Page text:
In a year when lawmakers could agree on little, a proposal to triple the state’s motor fuel tax stands out.
Legislators from both parties said the tax might be needed to support construction and maintenance of roads, airports, ferries and ports.
But the bill didn’t pass, for a few reasons.
Lawmakers have passed fewer bills in 2017 than any year in the state’s history, but it seemed that Senate Bill 25 stood one of the best chances of passing.
The bill to increase Alaska’s tax of 8 cents per gallon of gasoline to 16 cents this month and 24 cents in a year was described by some senators as a user fee that would offset the growing cost to maintain roads.
Eagle River Sen. Anna MacKinnon hasn’t endorsed the bill. She noted that those who commute on Glenn Highway from her district would pay more in taxes. She acknowledged that they benefit from state transportation funding.
“We drive a considerable distance on that highway and it costs a whole lot of money to replace that,” MacKinnon said.
The bill became caught in the wider debate over a plan to balance future state budgets. The bill was expected to raise $80 million a year. That’s about 3 percent of the gap between what the state spends and what it raises in taxes, fees and oil royalties.
MacKinnon said the Senate majority ultimately chose to focus on a different bill, Senate Bill 26, a measure would draw money from Permanent Fund earnings to pay for state government.
“We did not want to do death by a thousand taxes, by a thousand cuts,” MacKinnon said. “We wanted to take the largest item that could help Alaskans and our economy – and that’s SB 26.”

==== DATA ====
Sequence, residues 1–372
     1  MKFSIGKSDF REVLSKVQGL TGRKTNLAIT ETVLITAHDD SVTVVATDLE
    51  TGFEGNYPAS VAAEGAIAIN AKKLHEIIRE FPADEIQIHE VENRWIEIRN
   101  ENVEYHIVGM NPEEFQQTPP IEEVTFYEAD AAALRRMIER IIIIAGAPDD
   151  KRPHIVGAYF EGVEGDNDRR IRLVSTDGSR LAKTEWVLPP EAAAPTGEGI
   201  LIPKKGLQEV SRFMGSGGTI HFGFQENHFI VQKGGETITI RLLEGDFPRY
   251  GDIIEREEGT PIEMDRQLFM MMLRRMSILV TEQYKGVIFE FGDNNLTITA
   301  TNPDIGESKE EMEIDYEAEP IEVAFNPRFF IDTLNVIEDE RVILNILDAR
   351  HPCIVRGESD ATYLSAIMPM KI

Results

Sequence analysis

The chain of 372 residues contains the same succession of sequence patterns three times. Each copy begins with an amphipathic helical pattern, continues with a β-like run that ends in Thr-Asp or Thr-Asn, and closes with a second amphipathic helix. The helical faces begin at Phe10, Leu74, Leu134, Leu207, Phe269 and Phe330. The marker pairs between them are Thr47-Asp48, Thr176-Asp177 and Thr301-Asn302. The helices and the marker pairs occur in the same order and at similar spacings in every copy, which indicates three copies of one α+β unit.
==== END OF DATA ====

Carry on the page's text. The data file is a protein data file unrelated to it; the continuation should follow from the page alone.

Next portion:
Along with residents in areas with long commutes, the bill also was opposed by airlines and cargo carriers. They said it would make Anchorage uncompetitive with other airports.
It received strong backing from businesses that depend on the roads being in good condition.
Anchorage Democratic Rep. Matt Claman said he’s disappointed the bill didn’t pass.
“What’s the low-hanging fruit in the revenue picture? Increasing the motor fuel tax I think is probably the lowest-hanging fruit that we could find in Alaska,” Claman said.
Claman attributed the bill’s failure to the Senate. He said House members passed bills that would raise more revenue, including an income tax.
“I think the House was doing everything we could to let the Senate know, and say, ‘Listen, if you go ahead and pass the motor fuel tax, then we’re very receptive to passing that as well,’” Claman said.
Claman said the Republican-led Senate majority hasn’t adjusted to the fact that Alaskans elected an independent governor and a House majority that’s mostly Democrats.
“You look and see why is it legislation isn’t moving through the Senate? And I think maybe at some level, the Senate hasn’t really come to accept that there are changes happening in Alaska that are reflected both in who is our governor and the House majority,” Claman said.
But MacKinnon said Alaskans also have re-elected a Senate majority that’s opposed to taxes. She said it’s the House that isn’t used to governing. She said the House had tried to link bills rather than judging each bill on its own.
“The House has been leveraging individual pieces of legislation, from my perspective, to get their way,” MacKinnon said. “And that is not how policy should be developed. Policy, in my opinion, should be developed based on the facts for any individual piece of legislation, not tied to another piece.”
It’s not clear if the motor fuel tax could be passed in a special session later this year, or if the bill will have to wait until next year.
The Legislature has passed a total of 30 bills this year. The previous low was in 2011, when it passed 39 bills.